In terms of her own role on the show, Fran started out as Ernie’s right hand – literally. A muppet generally needs two people, one person to operate the head, left hand, and voice and another person to operate the right hand. Eventually, Fran helped create and inhabit a new character - Prairie Dawn. Twenty years down the road, when the show’s producers wanted a female equivalent of Elmo, theyworked with Fran to fashion the character of Zoe. The characters, Fran says, represent different facets of her personality. Her job, as the muppeteer, is to channel "the spirit and personality that lives inside of the puppet."
True to the spirit of Sesame Street, Fran views her role as muppeteer as an ongoing process of growth and education. “I’m constantly learning, trying to be better, trying to please myself.” Fran shares that she strives to be as truthful as possible in her roles – not an easy task since she’s got just her hand and her voice to make the essence of a character shine through. Fran also reflects on the larger experience of being part of Sesame Street. “We’re inheritors, or seeds of Jim Henson,” she relays. She explains how the warmth, compassion, and empathy of the crew, cast, and content of Sesame are reflective of Jim. He was, Fran relays, a man who never raised his voice, never lost his temper, just worked off of praise and respect. “He brought out the best in you as a human and as a performer.” The gentleness, humanity, cross-generational appeal, humor, love, and global concern in Sesame Street was, according to Fran, “Jim Henson’s way of changing the world.”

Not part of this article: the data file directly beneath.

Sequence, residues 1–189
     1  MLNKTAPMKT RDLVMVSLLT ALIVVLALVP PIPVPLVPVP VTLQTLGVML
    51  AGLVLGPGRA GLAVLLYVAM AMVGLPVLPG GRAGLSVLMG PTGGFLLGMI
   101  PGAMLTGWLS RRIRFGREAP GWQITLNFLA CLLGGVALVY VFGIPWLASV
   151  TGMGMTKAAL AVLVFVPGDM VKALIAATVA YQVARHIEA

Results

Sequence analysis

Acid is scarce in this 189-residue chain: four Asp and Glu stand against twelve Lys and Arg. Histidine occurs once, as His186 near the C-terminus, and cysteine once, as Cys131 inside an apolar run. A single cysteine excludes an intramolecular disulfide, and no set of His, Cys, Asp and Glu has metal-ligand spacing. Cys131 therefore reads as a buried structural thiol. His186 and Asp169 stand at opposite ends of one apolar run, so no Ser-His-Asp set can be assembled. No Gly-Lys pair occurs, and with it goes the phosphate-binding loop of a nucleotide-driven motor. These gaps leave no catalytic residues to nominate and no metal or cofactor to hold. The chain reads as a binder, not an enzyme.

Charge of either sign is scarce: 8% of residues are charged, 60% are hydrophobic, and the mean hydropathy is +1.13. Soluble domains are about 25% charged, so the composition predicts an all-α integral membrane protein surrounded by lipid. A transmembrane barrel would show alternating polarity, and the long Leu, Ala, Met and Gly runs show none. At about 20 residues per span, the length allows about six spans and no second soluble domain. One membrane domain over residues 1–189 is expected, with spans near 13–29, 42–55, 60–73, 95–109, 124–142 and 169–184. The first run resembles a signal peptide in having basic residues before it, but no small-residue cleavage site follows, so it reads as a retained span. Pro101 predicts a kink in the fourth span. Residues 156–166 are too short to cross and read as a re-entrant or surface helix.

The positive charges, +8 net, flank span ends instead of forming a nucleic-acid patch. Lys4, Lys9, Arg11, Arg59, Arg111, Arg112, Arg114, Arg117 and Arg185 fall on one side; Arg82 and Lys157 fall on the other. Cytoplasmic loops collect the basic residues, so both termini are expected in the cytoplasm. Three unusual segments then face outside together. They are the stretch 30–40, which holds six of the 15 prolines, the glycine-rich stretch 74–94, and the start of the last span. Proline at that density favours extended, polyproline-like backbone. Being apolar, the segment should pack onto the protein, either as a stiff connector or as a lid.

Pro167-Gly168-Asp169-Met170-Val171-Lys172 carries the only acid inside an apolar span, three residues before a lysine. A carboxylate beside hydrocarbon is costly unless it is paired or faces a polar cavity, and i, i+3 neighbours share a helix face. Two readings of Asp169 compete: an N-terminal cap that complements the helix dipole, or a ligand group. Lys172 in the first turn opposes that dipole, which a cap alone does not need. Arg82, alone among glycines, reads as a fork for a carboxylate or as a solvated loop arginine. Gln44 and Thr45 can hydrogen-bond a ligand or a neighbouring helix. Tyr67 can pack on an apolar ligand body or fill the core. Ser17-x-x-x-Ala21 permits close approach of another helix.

While Jim firmly remains a legend in the mind of Fran and countless others, Fran herself has clearly won the esteem, love and respect of her audiences. On Fran’s birthday, folks logged onto Muppet Central Forum to share these sentiments with her:
“Happy Birthday Fran Brill, and thanks for all the wonderful characters you’ve given us over the years!”
“Eeeeeeey!! Franny!! You go, girl!”
“As well as continued success with the muppets, I hope to see you performing in tv and movies. You’ve contributed a lot to the entertainment world.”
“Yay! Happy Birthday, Fran!” Hope you’re as blessed as you’ve made us all feel over the years! Thanks.”
“Frog bless you for all the fun and magic you’ve brought into our lives.”
Meeting Fran in person, watching her interact with her fans, and seeing her in action as a muppeteer, I got a clear picture of why she has won the affection of so many people. She is incredibly hard-working, loyal, funny, intelligent, cultured, and down-to-earth. Her lack of pretense is notable: she exhibits a complete willingness to share the events of her professional history without sparing any of the less-than-glamorous details. She does not see herself as separate from or better than her audience. In the end, it comes as no surprise that Prairie Dawn (a/k/a Fran) likes and gets along with all her friends on Sesame Street. She’s a living legend, and a lovable one at that.